The prophet was punished for this denunciation, even though he had said many other harsh things about the Jewish people for which he was not punished, including, "Oh, sinful nation, a people laden with iniquity, a seed of evil-doers, corrupting children" (1:4).
Rashi (in his commentary to Yevamot) says that "Oh, sinful nation" was said directly to the people, as rebuke, while "in the midst of a nation of unclean lips I dwell "was said, not to the people, but rather to himself. Sometimes harsh words of condemnation are justified, but only when addressed directly to those needing correction. Otherwise, the one who says them deserves punishment for purposeless grumbling.
The Miriam Incident
Another example of this is the incident of Miriam (B’midbar chapter 12), as explained by Rashi. Miriam judged that her brother Moshe was acting improperly towards his wife Tzippora. She spoke about this to Aharon, and Hashem punished her with tzara’at (leprosy) for speaking lashon hara (slander, gossip). Even if her evaluation of Moshe’s behavior had been valid, it served no constructive purpose for her to speak about it to Aharon. Instead of complaining behind Moshe’s back, she should have confronted him directly.
R. Eliakum Getzel of Dvinsk (d. 1912) says this directive is conveyed in the verse, You shall not hate your brother in your heart; you shall surely rebuke your friend, and you shall not bear sin upon him: It does not say "before him," meaning in his presence; because that is justified as rebuke; on the other hand, upon him, which implies that it is about him, and said not in his presence, is mere grumbling. Do not bear a sin by complaining about him rather than protesting to him.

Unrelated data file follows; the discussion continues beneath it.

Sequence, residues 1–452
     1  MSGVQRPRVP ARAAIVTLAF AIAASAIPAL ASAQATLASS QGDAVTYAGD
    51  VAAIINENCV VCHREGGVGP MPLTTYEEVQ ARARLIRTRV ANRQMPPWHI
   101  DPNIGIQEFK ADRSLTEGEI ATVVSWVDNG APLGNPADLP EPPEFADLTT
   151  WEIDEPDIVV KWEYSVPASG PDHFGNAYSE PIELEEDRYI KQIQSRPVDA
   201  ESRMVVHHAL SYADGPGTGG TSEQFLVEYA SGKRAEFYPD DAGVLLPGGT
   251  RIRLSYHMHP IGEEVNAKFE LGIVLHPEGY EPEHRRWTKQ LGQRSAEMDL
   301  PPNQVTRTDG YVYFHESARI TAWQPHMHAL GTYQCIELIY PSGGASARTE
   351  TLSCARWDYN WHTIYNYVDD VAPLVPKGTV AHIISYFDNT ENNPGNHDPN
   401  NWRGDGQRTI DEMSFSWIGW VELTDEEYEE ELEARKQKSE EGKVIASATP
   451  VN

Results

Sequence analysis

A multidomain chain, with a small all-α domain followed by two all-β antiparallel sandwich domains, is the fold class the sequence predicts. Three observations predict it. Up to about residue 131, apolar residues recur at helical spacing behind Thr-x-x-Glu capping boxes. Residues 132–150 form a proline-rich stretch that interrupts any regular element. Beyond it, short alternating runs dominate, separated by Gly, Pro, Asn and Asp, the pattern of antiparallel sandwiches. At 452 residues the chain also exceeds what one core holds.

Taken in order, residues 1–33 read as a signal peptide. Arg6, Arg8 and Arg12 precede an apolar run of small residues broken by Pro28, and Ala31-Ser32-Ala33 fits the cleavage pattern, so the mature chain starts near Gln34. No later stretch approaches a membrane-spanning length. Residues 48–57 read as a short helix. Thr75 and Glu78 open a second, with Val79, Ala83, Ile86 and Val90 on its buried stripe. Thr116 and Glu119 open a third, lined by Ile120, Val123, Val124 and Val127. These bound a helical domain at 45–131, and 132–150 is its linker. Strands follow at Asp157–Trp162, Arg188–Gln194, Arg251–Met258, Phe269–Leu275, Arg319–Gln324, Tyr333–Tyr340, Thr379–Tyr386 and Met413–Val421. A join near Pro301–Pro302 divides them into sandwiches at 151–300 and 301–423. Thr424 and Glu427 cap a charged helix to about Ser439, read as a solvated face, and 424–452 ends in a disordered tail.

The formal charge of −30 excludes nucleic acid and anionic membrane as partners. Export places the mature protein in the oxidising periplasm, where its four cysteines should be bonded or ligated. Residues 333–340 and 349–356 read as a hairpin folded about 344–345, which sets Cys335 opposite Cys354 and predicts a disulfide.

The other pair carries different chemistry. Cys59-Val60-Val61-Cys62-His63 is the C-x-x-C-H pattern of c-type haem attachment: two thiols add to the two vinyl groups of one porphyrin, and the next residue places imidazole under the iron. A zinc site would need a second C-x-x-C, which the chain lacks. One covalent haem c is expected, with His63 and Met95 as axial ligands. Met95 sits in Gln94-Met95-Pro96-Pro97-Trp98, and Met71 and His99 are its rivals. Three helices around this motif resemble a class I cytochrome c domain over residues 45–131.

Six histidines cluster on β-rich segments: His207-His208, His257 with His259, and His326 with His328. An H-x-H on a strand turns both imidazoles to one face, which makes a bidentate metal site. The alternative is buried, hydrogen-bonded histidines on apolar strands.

Rashi, in his comments on our verse and in Yevamot, provides two stages in the process of rebuke, as delineated by Rambam (Hilchot De’ot 6:8): At first, one is obligated to rebuke in private, with soft language and gentle words, so that the person will not be ashamed. However, if he does not thereby retract, it may then be necessary to use harsher means–including excoriating words–if it will restore him to proper behavior.
R. Eliakum Getzel highlights another insight into the parameters of rebuke from this incident, as alluded to in our verse. The prophet Yeshaya correctly refrained from giving rebuke he knew would be disregarded, and so he prevented the king’s sin from escalating.
We are taught (Yevamot 65b): Just as it is an obligation for one to say words of criticism that will be heeded, so is it an obligation for one not to say words of criticism that will not be heeded. This is implied in the words "you shall surely rebuke your friend, v’lo tissa alav chet but you shall not raise sin upon him," that is, increase the sin, by admonishing him with words you know will be rejected; then, he will sin even more, and intentionally, out of spite.
Rebuke, to be effective, should emanate from love. When it succeeds, it increases love. A brotherhood of mutual accountability is then created–the Torah’s ideal of a sanctified society.